tors may result in differential risk. identify potential safety signals. and Research, Food and Drug Administra-
tion, Silver Spring, MD.
They also noted that the causes Such publication commonly leads
of death were diverse and that to urgent calls to take immedi-
This article (10.1056/NEJMp1008502) was
Boehringer Ingelheim was per- ate regulatory action, without ac- published on September 8, 2010, at NEJM.org.
forming a large safety study to knowledgment of potential pit-
further evaluate the finding. falls in the interpretation of data 1. The world health report 2008 — primary
Because of the strength of from meta-analyses and pooled health care (now more than ever). Geneva:
World Health Organization. (Accessed Au-
the UPLIFT data, the absence of analyses, such as those encoun- gust 27, 2010, at http://www.who.int/whr/
a strong signal related to stroke tered in the tiotropium evalua- 2008/en/index.html.)
or cardiovascular events with tion. We must use measured re- 2. Early communication about an ongoing
safety review of tiotropium (marketed as
tiotropium, and the potential straint during our evaluations to Spiriva HandiHaler). Rockville, MD: Food
methodologic limitations of the ensure that safe drugs remain and Drug Administration. (Accessed August
Singh meta-analysis, the FDA con- on the market and that their use 27, 2010, at http://www.fda.gov/Drugs/
DrugSafety/PostmarketDrugSafety
cluded that current data do not is not restricted in a way that InformationforPatientsandProviders/
support the conclusion that there unnecessarily denies beneficial DrugSafetyInformationforHeathcare
is an increased risk of stroke, interventions to patients who Professionals/ucm070651.htm.)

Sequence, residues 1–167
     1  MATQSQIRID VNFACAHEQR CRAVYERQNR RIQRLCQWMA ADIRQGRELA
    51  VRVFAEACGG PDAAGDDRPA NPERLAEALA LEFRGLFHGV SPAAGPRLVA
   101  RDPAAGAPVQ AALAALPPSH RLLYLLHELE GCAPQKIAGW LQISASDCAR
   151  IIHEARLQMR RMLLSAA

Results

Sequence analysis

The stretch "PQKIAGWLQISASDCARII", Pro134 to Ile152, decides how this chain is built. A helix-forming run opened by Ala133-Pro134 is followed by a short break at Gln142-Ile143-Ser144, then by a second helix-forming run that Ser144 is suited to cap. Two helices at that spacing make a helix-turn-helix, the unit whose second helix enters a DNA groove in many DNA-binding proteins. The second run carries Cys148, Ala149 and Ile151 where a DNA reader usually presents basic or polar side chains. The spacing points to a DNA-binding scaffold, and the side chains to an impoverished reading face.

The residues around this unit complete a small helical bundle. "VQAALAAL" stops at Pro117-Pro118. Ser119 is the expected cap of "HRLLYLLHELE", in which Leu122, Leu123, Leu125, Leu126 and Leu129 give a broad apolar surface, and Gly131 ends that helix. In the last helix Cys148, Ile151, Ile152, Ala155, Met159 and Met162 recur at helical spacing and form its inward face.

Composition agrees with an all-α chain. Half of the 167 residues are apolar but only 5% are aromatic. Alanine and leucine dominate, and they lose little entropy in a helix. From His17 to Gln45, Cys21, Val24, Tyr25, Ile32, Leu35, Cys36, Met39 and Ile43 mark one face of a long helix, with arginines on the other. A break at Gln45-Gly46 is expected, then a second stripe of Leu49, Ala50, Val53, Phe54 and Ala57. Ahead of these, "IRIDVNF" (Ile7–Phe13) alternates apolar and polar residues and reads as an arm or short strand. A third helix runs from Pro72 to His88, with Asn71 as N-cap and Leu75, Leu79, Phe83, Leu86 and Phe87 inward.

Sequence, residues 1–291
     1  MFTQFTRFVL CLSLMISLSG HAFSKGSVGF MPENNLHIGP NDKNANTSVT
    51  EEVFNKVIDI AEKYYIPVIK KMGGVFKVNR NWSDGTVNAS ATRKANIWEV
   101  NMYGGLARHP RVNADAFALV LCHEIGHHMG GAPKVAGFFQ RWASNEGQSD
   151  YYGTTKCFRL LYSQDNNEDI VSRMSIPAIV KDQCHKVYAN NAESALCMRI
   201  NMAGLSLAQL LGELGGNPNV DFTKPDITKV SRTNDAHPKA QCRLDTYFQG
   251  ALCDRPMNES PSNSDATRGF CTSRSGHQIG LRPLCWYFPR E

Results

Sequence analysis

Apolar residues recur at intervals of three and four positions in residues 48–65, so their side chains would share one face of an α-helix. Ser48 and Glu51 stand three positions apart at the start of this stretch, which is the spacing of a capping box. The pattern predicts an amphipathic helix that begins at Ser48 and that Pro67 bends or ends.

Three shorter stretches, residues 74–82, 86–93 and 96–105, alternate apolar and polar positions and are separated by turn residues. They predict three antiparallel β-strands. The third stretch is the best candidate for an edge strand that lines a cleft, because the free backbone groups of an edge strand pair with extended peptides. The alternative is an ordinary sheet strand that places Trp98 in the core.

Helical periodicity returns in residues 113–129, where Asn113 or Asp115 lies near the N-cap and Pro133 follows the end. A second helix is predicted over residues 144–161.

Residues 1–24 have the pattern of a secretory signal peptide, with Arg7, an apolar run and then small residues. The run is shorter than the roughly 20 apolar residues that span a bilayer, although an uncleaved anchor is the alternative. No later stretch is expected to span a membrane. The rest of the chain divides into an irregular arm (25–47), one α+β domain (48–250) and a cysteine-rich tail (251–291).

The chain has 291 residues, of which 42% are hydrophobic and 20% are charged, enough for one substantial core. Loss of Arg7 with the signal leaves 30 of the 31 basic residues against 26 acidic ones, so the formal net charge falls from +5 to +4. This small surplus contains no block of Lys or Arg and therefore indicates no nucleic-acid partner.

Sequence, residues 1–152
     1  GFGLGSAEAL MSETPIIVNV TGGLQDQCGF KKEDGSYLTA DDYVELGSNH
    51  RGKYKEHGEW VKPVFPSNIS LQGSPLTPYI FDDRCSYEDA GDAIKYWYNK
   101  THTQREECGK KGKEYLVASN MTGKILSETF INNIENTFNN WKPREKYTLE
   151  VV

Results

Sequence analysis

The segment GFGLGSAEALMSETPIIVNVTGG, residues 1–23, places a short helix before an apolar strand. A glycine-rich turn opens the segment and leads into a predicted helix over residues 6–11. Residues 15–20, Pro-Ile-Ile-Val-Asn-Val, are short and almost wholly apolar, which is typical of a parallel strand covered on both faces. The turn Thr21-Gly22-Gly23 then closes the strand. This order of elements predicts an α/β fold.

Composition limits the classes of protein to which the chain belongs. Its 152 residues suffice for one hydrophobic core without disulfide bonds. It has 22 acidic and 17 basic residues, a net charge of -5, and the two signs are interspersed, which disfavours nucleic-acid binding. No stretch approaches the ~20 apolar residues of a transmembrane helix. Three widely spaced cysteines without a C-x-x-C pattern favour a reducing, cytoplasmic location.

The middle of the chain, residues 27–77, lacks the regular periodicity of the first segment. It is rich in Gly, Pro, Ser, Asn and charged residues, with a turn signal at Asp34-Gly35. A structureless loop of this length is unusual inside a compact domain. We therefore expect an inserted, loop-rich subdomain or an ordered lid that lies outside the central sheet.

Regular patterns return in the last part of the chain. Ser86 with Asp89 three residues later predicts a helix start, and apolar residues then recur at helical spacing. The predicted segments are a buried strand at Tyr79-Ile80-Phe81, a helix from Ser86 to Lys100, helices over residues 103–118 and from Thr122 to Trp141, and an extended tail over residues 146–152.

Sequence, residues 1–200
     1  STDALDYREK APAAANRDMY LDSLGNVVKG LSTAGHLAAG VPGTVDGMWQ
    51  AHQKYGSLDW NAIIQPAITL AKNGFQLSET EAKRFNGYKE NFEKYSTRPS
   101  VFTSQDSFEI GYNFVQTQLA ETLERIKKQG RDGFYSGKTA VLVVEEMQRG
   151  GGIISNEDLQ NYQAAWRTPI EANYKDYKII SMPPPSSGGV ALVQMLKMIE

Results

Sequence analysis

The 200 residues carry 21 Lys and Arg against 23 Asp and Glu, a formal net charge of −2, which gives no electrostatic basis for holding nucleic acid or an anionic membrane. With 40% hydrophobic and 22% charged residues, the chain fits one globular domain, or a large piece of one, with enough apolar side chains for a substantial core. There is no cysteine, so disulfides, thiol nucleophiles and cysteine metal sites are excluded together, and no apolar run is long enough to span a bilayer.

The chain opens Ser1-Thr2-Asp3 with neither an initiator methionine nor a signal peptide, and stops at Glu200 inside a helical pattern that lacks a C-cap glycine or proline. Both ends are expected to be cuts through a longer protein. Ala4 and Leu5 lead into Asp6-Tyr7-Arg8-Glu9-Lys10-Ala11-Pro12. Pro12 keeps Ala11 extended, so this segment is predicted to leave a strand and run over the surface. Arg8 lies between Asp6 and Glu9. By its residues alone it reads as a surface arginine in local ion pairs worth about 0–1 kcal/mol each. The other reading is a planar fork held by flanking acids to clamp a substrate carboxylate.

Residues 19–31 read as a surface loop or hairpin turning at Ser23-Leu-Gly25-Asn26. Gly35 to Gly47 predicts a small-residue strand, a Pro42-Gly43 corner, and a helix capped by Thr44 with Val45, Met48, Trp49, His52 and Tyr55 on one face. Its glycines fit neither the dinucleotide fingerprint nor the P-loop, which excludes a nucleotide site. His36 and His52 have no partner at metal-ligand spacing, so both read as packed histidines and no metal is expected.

3. Singh S, Loke YK, Furberg CD. Inhaled
heart attack, or death associated need them. The continuing eval- anticholinergics and risk of major adverse
with tiotropium HandiHaler.2 We uation of potential safety signals cardiovascular events in patients with chronic
placed significant emphasis on at the FDA requires assessment obstructive pulmonary disease: a systematic
review and meta-analysis. JAMA 2008;300:
UPLIFT because it was the larg- of all available data from many 1439-50. [Erratum, JAMA 2009;301:1227-30.]
est and longest randomized trial sources, with the goal of reach- 4. Tashkin DP, Celli B, Senn S, et al. A 4-year
of tiotropium to date, mortality- ing sound conclusions in a man- trial of tiotropium in chronic obstructive
pulmonary disease. N Engl J Med 2008;359:
related end points were prespec- ner that is transparent to physi- 1543-54.
ified, information on vital status cians and patients. Copyright © 2010 Massachusetts Medical Society.

Preparing for a Consumer-Driven Genomic Age


James P. Evans, M.D., Ph.D., David C. Dale, M.D., and Cathy Fomous, Ph.D.

A dvances in genomic technol-


ogies permit the simultane-
ous analysis of millions of vari-
genomic information is now in-
creasingly available outside tradi-
tional medical settings. Patients
for help in interpreting their re-
sults. In the future, a primary role
of health care professionals may
ants across the genome and may are no longer subordinate, passive be to interpret patients’ DTC ge-
soon allow for meaningful esti- recipients of physician-initiated netic test results and advise them
mation of one’s risks of develop- genetic testing; rather, patients about appropriate follow-up.
ing cancer, diabetes, and other can instigate their own testing and How can we maximize the
common diseases. These advanc- often know more than their cli- benefits of these new develop-
es are converging with the move- nicians about particular genetic ments and minimize the harms?
ment toward consumer-driven topics. Indeed, health care pro- How can we encourage patients’
health care and patient empower- viders are increasingly bypassed involvement and autonomy yet
ment. Whereas in the past, medi- altogether, as patients embrace establish appropriate safeguards
cal testing was firmly under the direct-to-consumer (DTC) genetic while avoiding inappropriate pa-
control of medical practitioners, tests and turn to social networks ternalism? How do we promote

n engl j med 363;12  nejm.org  september 16, 2010 1099


The New England Journal of Medicine
Downloaded from www.nejm.org on September 20, 2010. For personal use only. No other uses without permission.
Copyright © 2010 Massachusetts Medical Society. All rights reserved.